NAGOYA – More than half of a patient’s brain tumor has died after undergoing surgical gene therapy in April at Nagoya University Hospital, according to hospital officials.
“Based on magnetic resonance imaging, about 60 percent of the tumor has become necrotic and tumorous growth has been suppressed,” a doctor said Monday.
“We have not observed any abnormalities believed to be caused by the gene-therapy drugs, and therefore can confirm the safety of the treatment,” the doctor said in reference to the first case using a therapy developed entirely in Japan.
The officials said the patient, a housewife in her 30s from the Kansai region, is recovering well, although her brain is swollen and she suffers from mild headaches due to the drugs’ side effects.
The patient, who prior to the operation was paralyzed on the right side of her body and suffering from aphasia — the diminished capacity to understand words, can now move her right leg and make simple conversation, the officials said.
“I believe we need to carefully monitor her progress and evaluate the procedure,” said Jun Yoshida, a professor at the university and leader of the medical team, adding he hopes to carry out a second case of such treatment by the end of the year.
Regarding the suppression of the tumor’s growth, Yoshida said, “It’s hard to say based on one case, but we have seen the effects of the treatment and are hopeful. It is meaningful that domestically developed techniques will go in a new direction.”
On April 3, the team excised about 70 percent of the woman’s tumorous growths and injected a cancer-fighting solution into the remaining malignant tumor. The team used its “multiplex membrane liposome,” a fat capsule they developed, as a vector to deliver the solution.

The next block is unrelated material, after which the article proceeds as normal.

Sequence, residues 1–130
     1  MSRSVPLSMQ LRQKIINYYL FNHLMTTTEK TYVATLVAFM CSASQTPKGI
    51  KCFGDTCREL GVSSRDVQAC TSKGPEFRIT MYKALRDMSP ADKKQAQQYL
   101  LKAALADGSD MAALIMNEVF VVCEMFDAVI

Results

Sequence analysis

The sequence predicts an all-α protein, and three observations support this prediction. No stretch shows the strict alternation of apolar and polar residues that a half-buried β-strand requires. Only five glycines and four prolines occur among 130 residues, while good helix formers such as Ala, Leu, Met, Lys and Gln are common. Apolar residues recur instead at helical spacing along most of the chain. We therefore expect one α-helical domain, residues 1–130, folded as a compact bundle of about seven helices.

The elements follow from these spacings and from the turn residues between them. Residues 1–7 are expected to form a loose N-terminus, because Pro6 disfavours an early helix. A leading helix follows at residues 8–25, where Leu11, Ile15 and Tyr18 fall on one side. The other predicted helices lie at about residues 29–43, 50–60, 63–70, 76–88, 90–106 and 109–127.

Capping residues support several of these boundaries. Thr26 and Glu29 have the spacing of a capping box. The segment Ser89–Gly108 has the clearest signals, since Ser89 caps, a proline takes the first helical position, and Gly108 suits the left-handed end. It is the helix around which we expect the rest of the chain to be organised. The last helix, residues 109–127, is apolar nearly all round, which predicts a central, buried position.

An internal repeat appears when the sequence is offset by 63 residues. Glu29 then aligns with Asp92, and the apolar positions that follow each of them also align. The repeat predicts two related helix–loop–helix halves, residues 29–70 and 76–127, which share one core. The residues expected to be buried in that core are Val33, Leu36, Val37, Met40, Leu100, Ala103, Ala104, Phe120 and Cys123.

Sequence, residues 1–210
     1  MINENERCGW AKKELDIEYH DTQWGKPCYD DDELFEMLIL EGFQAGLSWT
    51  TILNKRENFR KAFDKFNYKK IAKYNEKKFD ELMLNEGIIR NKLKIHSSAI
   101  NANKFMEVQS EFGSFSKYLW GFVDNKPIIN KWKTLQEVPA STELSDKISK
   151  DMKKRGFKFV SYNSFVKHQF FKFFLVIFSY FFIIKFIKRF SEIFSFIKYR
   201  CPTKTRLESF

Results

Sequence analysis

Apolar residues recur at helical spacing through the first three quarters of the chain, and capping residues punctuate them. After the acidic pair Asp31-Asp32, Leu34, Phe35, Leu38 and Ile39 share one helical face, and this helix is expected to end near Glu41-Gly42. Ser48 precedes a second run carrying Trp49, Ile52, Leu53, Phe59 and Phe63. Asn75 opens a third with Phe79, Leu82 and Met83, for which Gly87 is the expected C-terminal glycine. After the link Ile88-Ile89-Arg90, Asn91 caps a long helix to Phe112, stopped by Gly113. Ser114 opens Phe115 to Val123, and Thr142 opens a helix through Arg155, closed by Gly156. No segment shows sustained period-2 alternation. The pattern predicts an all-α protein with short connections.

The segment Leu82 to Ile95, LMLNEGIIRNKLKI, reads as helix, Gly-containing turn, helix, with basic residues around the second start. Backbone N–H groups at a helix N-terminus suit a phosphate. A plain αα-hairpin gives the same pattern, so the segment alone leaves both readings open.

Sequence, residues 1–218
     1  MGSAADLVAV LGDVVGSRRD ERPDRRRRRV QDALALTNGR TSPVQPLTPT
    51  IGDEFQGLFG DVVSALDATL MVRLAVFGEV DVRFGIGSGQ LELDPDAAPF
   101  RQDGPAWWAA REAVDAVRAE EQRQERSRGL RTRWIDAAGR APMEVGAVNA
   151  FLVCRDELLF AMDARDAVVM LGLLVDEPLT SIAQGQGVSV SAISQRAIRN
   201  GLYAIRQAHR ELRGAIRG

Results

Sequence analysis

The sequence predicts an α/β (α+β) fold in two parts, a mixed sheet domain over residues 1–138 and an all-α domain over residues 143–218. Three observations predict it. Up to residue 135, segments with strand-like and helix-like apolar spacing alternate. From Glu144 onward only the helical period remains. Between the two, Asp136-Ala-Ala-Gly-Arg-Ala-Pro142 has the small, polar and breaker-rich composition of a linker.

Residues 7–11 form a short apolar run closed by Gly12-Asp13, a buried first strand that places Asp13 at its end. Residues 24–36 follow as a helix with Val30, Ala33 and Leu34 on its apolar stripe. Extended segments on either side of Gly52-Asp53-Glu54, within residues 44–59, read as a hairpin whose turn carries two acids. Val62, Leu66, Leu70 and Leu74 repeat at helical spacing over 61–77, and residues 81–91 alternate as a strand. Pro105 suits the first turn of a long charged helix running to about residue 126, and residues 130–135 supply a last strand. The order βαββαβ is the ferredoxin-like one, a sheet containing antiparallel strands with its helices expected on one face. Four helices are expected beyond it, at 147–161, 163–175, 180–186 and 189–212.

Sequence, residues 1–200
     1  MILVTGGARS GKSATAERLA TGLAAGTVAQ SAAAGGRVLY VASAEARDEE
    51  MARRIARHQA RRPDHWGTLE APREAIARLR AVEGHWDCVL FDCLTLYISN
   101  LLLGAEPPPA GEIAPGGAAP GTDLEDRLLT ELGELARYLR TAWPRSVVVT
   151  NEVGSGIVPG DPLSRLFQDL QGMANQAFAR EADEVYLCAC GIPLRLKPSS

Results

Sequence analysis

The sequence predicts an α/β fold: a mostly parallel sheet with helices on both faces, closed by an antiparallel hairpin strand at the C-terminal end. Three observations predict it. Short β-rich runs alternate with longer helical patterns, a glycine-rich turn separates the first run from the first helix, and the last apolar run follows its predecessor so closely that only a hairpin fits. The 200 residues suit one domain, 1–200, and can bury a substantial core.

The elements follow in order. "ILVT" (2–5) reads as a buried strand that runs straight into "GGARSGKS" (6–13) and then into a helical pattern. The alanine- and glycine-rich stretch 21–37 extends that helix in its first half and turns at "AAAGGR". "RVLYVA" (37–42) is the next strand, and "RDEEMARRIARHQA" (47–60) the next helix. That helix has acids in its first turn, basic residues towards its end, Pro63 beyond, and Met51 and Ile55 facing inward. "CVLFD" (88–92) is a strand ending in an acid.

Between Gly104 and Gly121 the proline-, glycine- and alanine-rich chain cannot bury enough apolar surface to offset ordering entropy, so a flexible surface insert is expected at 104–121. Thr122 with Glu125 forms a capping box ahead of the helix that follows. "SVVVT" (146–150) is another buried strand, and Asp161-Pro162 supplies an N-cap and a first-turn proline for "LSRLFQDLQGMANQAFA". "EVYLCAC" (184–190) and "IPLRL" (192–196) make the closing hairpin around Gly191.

The liposome, which measures one-thousandth of a millimeter in diameter and contains most of the ingredients in human cell membranes, was used in wrapping genes that create interferon, a cancer-fighting substance, once they reach tumor cells.
Interferon is usually produced by cells reacting to a viral infection. The fluid with the capsulated genes was injected five more times starting April 17. The patient had brain tumors untreatable by conventional surgical techniques.
Surgical gene therapy, first conducted in the United States in 1990, has been used to treat some 3,000 people, mostly in the U.S. and Europe.
In Japan, gene therapy was first used in 1995 by Hokkaido University on a boy suffering from an immune-system disorder.
Gene therapy was used in 1998 by the University of Tokyo in a 60-year-old man with kidney cancer, and in 1999, when Okayama University treated a lung cancer patient in his 50s.